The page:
Cluster Headache, Familial

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WHO-ICD-10 version:2010

Diseases of the nervous system

Episodic and paroxysmal disorders

OMIM Number


Mode of Inheritance

Autosomal dominant


Cluster headaches (CH) are a rare form of severe disabling headache. CH is characterized by episodes of severe unilateral pain in the orbital, supraorbital and/or temporal areas that last from 15 to 180 minutes, with recurrence up to 8 times daily. It is accompanied by local signs and symptoms of autonomic dysfunction occurring on the side, such as conjunctival redness, tearing eyes, nasal congestion, rhinorrhea, sweating of the face and forehead, myosis, ptosis, and edema of the eyelid. The attacks occur in series lasting weeks or months. The attacks are extremely painful, so that CH is also commonly called suicide headache. There are two forms of CH: episodic CH, characterized by alternating active periods, with daily or almost daily attacks lasting from 7 days to one year, and remission periods lasting one month or more that are totally symptom free; and chronic CH, in which attacks recur for greater than one year without remission or with remissions lasting less than one month. CH mainly affects young adults, predominantly males (M/F sex ratio = 4) and available evidence suggests that it is a lifelong disorder in the majority of patients, but with longer remission periods over time.

Although, the exact pathogenesis of this condition remains unclear, the underlying abnormality is in the posterior hypothalamus with subsequent trigeminovascular and cranial autonomic activation. Alcohol, nicotine, exercise, and elevated environmental temperature are recognized as triggers of CH. The treatment of CH is only symptomatic. The only two treatments of attacks with proven efficacy are subcutaneous sumatriptan and oxygen inhalation.

CH has traditionally been considered a sporadic disease. Recently, however, a familial recurrence has been appreciated as several CH cases have been observed in family pedigrees. Furthermore, family studies indicate that first-degree relatives of CH probands carry a 5- to 18-fold and the second degree relatives carry a 1- to 3-fold increased relative risk of the disease. CH has been considered a probable autosomal dominant disease with a penetrance of 0.3-0.34 in males and 0.17-0.21 in females. However, autosomal recessive pattern has been suggested in certain families. In addition, the hypocretin receptor 2 (HCRTR2) G1246A polymorphism has been associated with the risk for cluster headache.

Epidemiology in the Arab World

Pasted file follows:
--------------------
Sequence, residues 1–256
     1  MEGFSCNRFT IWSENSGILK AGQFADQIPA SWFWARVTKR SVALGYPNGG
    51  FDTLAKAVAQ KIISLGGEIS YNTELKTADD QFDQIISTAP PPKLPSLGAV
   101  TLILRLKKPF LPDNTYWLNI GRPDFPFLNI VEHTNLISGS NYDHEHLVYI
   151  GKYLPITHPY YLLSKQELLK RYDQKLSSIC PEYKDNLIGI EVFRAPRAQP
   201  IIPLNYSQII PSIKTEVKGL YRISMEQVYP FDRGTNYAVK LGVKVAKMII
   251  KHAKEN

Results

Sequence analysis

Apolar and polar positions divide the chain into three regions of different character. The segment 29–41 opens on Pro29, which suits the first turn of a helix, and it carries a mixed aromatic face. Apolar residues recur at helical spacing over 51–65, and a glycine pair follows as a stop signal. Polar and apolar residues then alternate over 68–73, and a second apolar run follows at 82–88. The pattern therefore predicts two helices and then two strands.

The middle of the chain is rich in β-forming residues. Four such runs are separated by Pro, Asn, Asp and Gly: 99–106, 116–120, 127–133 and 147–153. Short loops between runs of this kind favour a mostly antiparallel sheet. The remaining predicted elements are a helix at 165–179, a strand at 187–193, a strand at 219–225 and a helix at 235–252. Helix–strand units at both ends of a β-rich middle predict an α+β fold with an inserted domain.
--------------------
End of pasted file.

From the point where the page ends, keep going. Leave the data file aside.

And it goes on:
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Other Reports


Alzoubi et al. (2009) investigated the prevalence of headache among 4,836 adults in Jordan encountered in the period between January 2007 to November 2008. As much as 82.3% of participants complained from headache at least once per year. Nearly, 36.1% were tension-type headache and 59% of the participants had other family members who suffered from headache.


Bessisso et al. (2005) studied the prevalence of headache and migraine and associated factors among school children in the State of Qatar through a cross-sectional study conducted over a period from March 2001 to April, 2003. A total of 1000 school children ranging from 6-17 years old, selected by a multi-stage stratified cluster sampling method, were interviewed by means of a questionnaire. Of these, 851 school children (27.7% males, and 72.3% females) responded to the questionnaire. This study showed that the prevalence rate of headache was 85%. A family history of headache was observed among the study subject (45.1% of females and 36.6% of males had a family history of headache). In the study group, Bessisso et al. (2005) found different types of headache: 28% had unclassified headache, 20% had chronic daily headache, 14.6 had episodic tension headache, and 11.9% had migraine. Of the total subjects, 43.6% experienced unilateral headache and 4.2% of them had migraine with aura. Headache was found to be more prevalent in females (86.5%) than males (81%). Also, the study showed that girls (86.5%) had more frequent headache episodes than boys. It was also observed that the oldest children had more frequent episodes of headache; the highest rate was seen in the age group of 11-15 years old (49%). The most common triggers for headache were found to be fatigue (35.8%) and lack of sleep (17.6%). The most common symptoms prior to headache were found to be change in mood for female students (39.1%) and blurred vision for males (34.6%). The impact of headache on children was found to be frequent absence from school (80%), which affected their school performance.

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